Enough is Enough

Ever thought about capping the amount you’re happy to let a client owe you before enough is enough?

Date
3 December 2019
Author
Steven Case Steven Case
Reading time
Around 3 min
Categories
#Bookkeeping

Setting credit limits for your customers can be a great way of minimising your exposure to poor payers and lower your risk to non-payers. However, it may also restrict a growing client from trying to spend more with you. So where do you set the limit?

Each customer will have different requirements – as well as different reputations or financial scores. There is no exact science to this, and sometimes you will need to go with your gut and assess your own risk appetite. Internally, you should also review the total debt you’re owed and analyse it by client. You may decide that you do not want any one client owing you more than x% of the total debt – if they went bust that could be a significant write off dependant on the overall value. 

Here’s a few suggestions;

An ideal start would be to review the client on a credit scoring platform (such as company check or creditsafe). Soon, app integrators to platforms such as Xero, like Futrli, will be adding this to their system but there’s no word on what that may be.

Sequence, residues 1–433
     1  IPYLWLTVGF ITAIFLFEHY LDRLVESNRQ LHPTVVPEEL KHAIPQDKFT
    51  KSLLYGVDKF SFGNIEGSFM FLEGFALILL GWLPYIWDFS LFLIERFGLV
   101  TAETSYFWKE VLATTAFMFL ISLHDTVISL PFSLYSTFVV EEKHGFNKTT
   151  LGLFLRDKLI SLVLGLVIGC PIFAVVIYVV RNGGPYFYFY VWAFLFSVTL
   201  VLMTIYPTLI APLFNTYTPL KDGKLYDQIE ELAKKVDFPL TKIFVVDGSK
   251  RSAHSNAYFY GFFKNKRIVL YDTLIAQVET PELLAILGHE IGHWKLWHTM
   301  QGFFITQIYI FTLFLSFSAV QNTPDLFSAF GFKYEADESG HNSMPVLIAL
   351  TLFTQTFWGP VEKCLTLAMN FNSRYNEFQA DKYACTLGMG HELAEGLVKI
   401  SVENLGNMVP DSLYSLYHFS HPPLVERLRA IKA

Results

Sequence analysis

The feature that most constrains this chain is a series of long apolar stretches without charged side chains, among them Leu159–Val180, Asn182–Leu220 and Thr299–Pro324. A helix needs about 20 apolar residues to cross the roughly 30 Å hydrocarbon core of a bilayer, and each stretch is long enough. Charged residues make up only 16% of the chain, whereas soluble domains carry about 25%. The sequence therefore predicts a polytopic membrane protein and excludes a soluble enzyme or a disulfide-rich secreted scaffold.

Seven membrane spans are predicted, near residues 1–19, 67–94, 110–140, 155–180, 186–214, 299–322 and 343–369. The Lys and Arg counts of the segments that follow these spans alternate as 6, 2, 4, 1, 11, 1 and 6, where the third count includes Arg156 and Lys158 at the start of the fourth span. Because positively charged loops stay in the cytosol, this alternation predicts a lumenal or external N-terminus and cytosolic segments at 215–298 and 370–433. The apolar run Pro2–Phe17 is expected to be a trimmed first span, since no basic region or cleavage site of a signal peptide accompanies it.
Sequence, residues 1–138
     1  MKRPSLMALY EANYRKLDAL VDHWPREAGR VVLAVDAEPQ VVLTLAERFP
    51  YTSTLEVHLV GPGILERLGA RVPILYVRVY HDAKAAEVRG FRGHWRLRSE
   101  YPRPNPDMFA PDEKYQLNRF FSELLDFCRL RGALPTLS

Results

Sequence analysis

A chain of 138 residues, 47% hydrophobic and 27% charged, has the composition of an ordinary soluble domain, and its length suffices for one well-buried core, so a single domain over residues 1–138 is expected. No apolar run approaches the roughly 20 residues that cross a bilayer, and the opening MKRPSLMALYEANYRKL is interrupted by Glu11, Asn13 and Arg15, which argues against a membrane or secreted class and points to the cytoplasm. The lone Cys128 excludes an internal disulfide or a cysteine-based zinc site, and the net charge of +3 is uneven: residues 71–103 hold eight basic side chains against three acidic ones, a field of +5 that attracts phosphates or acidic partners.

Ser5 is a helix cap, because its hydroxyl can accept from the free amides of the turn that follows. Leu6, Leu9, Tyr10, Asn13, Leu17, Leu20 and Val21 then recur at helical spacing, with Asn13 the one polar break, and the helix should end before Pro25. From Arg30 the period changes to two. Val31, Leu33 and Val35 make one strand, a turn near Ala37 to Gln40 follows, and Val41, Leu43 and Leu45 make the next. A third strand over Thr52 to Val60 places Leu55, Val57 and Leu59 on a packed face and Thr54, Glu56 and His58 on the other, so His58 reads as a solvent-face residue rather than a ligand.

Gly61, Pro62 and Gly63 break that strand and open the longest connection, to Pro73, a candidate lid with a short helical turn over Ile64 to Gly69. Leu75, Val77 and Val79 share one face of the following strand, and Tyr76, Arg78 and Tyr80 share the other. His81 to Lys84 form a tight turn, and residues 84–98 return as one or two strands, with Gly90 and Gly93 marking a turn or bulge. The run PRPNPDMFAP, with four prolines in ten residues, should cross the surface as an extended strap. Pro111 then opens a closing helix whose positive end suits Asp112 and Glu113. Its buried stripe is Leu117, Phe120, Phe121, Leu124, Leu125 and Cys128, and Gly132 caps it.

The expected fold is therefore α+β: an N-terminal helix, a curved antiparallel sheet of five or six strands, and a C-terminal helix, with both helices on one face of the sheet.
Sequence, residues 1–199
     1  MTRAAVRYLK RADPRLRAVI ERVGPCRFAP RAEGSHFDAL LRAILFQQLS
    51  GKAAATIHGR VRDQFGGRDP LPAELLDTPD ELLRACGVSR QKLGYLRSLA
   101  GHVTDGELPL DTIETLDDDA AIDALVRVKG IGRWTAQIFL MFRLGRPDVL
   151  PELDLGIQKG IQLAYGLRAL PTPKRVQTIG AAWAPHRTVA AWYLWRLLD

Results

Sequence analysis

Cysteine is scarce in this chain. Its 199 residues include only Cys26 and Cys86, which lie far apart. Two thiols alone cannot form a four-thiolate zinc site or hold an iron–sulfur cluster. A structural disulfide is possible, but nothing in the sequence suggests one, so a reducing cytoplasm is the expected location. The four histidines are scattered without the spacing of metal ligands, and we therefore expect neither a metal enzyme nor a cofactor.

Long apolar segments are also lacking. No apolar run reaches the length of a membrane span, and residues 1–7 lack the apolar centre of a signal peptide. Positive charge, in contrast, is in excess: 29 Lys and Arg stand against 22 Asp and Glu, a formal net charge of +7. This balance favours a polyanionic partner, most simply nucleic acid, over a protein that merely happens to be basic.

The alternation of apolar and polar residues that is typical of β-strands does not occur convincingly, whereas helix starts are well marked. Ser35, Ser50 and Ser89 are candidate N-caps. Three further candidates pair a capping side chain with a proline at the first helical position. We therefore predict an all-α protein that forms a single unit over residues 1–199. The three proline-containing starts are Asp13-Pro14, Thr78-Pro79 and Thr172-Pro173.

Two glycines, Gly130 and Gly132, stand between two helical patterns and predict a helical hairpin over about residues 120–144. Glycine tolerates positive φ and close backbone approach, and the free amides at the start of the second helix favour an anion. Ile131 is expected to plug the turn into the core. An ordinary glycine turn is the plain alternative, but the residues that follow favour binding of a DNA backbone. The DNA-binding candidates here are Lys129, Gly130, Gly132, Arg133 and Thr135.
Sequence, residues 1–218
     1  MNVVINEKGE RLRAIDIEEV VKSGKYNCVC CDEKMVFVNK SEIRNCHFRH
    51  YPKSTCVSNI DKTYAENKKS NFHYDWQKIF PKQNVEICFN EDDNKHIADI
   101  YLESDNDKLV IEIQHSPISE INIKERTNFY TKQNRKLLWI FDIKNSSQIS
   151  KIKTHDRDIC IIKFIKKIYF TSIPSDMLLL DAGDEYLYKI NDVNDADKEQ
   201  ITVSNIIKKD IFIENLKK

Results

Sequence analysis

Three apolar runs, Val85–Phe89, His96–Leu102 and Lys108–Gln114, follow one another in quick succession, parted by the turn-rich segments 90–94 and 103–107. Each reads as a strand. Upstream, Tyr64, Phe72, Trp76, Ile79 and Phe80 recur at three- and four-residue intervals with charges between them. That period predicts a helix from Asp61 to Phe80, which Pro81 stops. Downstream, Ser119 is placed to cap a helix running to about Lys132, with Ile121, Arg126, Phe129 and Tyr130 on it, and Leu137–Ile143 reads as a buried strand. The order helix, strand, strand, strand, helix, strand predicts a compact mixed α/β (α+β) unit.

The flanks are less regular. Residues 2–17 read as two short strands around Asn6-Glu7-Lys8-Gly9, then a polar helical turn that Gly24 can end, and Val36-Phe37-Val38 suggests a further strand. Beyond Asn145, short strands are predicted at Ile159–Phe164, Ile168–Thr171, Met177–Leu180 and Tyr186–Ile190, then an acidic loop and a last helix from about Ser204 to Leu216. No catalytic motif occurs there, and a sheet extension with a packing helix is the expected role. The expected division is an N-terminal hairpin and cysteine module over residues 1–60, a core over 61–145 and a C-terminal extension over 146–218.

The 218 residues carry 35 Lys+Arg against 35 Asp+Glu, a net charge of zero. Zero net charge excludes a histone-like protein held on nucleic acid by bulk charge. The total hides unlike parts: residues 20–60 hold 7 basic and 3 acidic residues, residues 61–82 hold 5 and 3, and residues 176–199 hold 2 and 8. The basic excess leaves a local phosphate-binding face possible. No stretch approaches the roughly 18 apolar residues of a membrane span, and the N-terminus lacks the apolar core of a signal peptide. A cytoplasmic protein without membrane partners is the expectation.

Next up I would recommend setting yourself a base-line formula such as:

[Average monthly spend incl VAT x (average amount of time to pay in days / 30)] x 110%  = Required credit limit

This way you have a limit that would not restrict current trade with room for 10% growth.

Then you should measure that against the credit score and suggested credit/contract limits to see if they are close – or at least not above the risk level.

For some customers that are a pain to pay on time, that need winding in a bit, you may decide to use the following formula instead;

[Average monthly spend incl VAT x (preferred amount of time to pay in days / 30)] x 110%  = Required credit limit

There will be occasions there you will need to tailor the formula based on the client. So, for Big Company Ltd for example dictating 60 days, if they were a new customer, you would ask them what their expected monthly spend would be, and add in the 60 days as the average amount of time.

As I say, there’s no hard and fast rule for this. Just make sure that you keep debt levels monitored, payment terms watched and make sure your customers are able to grow with you as long as they’ve proven they can pay on time.

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